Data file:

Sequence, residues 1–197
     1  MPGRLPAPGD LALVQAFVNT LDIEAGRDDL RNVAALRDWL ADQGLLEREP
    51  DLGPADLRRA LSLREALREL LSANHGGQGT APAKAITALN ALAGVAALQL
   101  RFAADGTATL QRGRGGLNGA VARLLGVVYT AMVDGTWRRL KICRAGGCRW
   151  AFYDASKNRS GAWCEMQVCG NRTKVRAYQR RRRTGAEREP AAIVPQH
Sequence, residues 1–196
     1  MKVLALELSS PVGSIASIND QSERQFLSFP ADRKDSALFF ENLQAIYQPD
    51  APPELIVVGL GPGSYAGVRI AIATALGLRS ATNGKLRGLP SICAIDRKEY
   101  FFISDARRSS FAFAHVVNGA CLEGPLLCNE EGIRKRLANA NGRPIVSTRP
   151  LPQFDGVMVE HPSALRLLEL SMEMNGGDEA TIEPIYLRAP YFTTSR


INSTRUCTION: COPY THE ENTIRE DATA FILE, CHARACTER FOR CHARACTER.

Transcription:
Sequence, residues 1–197
     1  MPGRLPAPGD LALVQAFVNT LDIEAGRDDL RNVAALRDWL ADQGLLEREP
    51  DLGPADLRRA LSLREALREL LSANHGGQGT APAKAITALN ALAGVAALQL
   101  RFAADGTATL QRGRGGLNGA VARLLGVVYT AMVDGTWRRL KICRAGGCRW
   151  AFYDASKNRS GAWCEMQVCG NRTKVRAYQR RRRTGAEREP AAIVPQH
Sequence, residues 1–196
     1  MKVLALELSS PVGSIASIND QSERQFLSFP ADRKDSALFF ENLQAIYQPD
    51  APPELIVVGL GPGSYAGVRI AIATALGLRS ATNGKLRGLP SICAIDRKEY
   101  FFISDARRSS FAFAHVVNGA CLEGPLLCNE EGIRKRLANA NGRPIVSTRP
   151  LPQFDGVMVE HPSALRLLEL SMEMNGGDEA TIEPIYLRAP YFTTSR